There is no denying the fact that, even though we have never seen it on earth, each of us innately recognizes a perfect standard of absolute justice, truth, and moral purity. Moreover, we have something we call a “conscience” that tells us when we have violated that standard. We can learn to turn a deaf ear to this inner voice or pervert it, but it is there nevertheless. Once again, the conscience can only be explained on the basis that there is, residing in these physical bodies, a nonmaterial spirit made in the image of a person Creator who is a Spirit and has impressed His standards upon us. And it can only be from Him that the obviously spiritual capabilities we possess originate.
The God who inspired the Bible claims to have written His moral laws in every human conscience:
For when the Gentiles, which have not the law, do by nature the things contained in the law, these, having not the law, are a law unto themselves: Which show the work of the law written in their hearts, their conscience also bearing witness, and their thoughts the mean while accusing or else excusing one another. (Romans:2:14-15)
The consciousness of having broken an unseen but not unknown perfect standard of right and wrong goes beyond culture and cannot be explained in terms of learned behavior. We can reason about what is right and wrong and decide upon behavior totally at odds with our upbringing and presumed conditioning. This fact is proved again and again as generation after generation rebels against the standards they have been taught. The hippies of the sixties are but one example.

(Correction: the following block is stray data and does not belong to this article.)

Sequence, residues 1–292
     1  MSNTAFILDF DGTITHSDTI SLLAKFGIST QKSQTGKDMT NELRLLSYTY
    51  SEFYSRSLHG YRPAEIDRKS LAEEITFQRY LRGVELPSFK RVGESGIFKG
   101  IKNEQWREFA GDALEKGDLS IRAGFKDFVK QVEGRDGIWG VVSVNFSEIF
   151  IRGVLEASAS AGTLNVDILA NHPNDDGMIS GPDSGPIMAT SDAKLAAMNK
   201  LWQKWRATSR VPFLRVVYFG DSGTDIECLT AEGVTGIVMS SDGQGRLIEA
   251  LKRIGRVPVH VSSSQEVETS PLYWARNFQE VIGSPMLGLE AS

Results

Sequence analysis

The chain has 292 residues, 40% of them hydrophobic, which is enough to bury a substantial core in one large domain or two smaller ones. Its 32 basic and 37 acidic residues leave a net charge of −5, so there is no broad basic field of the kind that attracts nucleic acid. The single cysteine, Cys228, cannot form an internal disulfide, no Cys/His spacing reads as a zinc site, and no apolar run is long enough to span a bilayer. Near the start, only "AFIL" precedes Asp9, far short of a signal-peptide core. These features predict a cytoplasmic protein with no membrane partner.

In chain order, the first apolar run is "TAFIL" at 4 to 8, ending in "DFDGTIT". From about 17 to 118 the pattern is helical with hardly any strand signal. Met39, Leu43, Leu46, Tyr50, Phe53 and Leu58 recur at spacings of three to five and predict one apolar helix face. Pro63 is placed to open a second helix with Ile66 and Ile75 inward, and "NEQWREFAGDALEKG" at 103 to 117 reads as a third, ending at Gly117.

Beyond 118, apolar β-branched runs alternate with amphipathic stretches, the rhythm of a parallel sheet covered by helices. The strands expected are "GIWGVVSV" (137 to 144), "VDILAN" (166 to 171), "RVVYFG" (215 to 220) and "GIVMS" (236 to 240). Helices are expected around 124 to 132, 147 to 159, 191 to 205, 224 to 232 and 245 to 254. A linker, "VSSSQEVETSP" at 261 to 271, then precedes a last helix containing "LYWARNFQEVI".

Sin is defined in the Bible as coming short of that perfection for which God created us in order to reflect His own glory. As C. S. Lewis put it, “We are mirrors whose only brightness, if we are bright at all, depends entirely upon the sun that shines upon us.” Sin is rejecting God’s light, refusing to let it guide and energize us in obeying our Creator’s will. We know when we are guilty of that, and that disturbing sense of coming short is what troubles the conscience.
Conscience? Yes, we all have an undeniable inner recognition of right or wrong. The man who complains about injustice of a court decision need not be referring to a violation of any legislated law. In fact, far from accepting every law passed by legislative bodies, we often complain about their injustice. The man sitting in court and observing what he considers to be improper procedure and conclusion is really demanding that the court itself adhere to the innate standard that he knows exists and believes the court has violated.